Constitutional Corner – Secession (Redux)[1]

Constitutional Corner – Secession (Redux)[1]

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In Gulf, C. & S. F. R. CO. v. Ellis, 165 U.S. 150 (1897), the Supreme Court declared:

the [Constitution] is but the body and the letter of [our law] which the [Declaration of Independence] is the thought and the spirit, and it is always safe to read the letter of the constitution in the spirit of the Declaration of Independence.” 

So the Declaration and the Constitution are joined at the hip; you should not try to understand one without the other.

If that be the case, what are we to make of this:

“But when a long train of abuses and usurpations, pursuing invariably the same Object evinces a design to reduce them under absolute Despotism, it is their right, it is their duty, to throw off such Government, and to provide new Guards for their future security.”

Do the American people, or any portion thereof, retain a fundamental, unalienable right to throw off a former government in favor of something new?  When asked this question within the context of the American Revolution, most Americans would admit that such a right certainly exists; to suggest otherwise would be to undermine our very existence as a nation and directly contradict our third President.  Jefferson affirmed this right again in 1799 when, sitting as Vice President under John Adams, he wrote concerning the nefarious Alien and Sedition Acts, that if the American people did not rally around:

“the true principles of our federal compact”, [we should be determined to] “sever ourselves from that union we so much value, rather than give up the rights of self government which we have reserved, and in which alone we see liberty, safety and happiness.”[2]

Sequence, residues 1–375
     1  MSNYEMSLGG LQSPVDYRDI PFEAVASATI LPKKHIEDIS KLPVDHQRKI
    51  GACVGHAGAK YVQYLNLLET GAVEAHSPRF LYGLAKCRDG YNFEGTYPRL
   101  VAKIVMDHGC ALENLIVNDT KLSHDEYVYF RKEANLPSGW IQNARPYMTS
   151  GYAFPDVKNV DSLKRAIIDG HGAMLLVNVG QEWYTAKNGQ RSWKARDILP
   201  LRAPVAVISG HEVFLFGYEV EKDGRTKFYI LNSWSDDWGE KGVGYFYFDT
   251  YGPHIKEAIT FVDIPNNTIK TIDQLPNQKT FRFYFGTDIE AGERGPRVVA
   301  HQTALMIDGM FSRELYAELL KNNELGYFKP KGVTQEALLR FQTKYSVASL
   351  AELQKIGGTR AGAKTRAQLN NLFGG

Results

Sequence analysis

James Madison agreed:

If there be a principle that ought not to be questioned within the United States, it is, that every nation has a right to abolish an old government and establish a new one. This principle is not only recorded in every public archive, written in every American heart, and sealed with the blood of a host of American martyrs; but is the only lawful tenure by which the United States hold their existence as a nation.[3]

Hamilton in Federalist 70, wrote: “But as the plan of the convention aims only at a partial union or consolidation, the State governments would clearly retain all the rights of sovereignty which they before had, and which were not, by that act, EXCLUSIVELY delegated to the United States.” (emphasis added)

On June 21, 1788, as Virginia prepared to announce their ratification of the proposed  Constitution, they approved the following preamble:

“WE the Delegates of the people of Virginia, duly elected in pursuance of a recommendation from the General Assembly, and now met in Convention, having fully and freely investigated and discussed the proceedings of the Federal Convention, and being prepared as well as the most mature deliberation hath enabled us, to decide thereon, DO in the name and in behalf of the people of Virginia, declare and make known that the powers granted under the Constitution, being derived from the people of the United States may be resumed by them whensoever the same shall be perverted to their injury or oppression.”(emphasis added)

If the people have a right to throw off a former system of government, sever themselves from another people even, accompanied by a reserved right to take back political power that has been used to oppress them, how can there not be a right of secession available to the citizens of a state?  Whether or not the Constitution supports secession is a separate matter altogether; secession, in the view of the Founders, was a natural right which lay outside the purview of civil law, including constitutions.  This natural right was used to justify the English Civil War and both the American and French Revolutions.  Perhaps the recognition of secession as a natural right accounts for the fact that the Framers choose not to address the issue in the Constitution.